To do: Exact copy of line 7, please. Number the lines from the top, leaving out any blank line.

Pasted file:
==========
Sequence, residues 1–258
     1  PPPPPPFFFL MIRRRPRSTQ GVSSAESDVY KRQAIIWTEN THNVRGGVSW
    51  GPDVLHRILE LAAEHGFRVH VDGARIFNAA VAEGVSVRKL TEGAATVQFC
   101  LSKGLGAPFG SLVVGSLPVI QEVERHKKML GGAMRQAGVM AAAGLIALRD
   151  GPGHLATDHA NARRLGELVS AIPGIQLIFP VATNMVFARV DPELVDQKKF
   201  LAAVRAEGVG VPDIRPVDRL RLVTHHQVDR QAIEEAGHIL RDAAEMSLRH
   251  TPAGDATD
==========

   251  TPAGDATD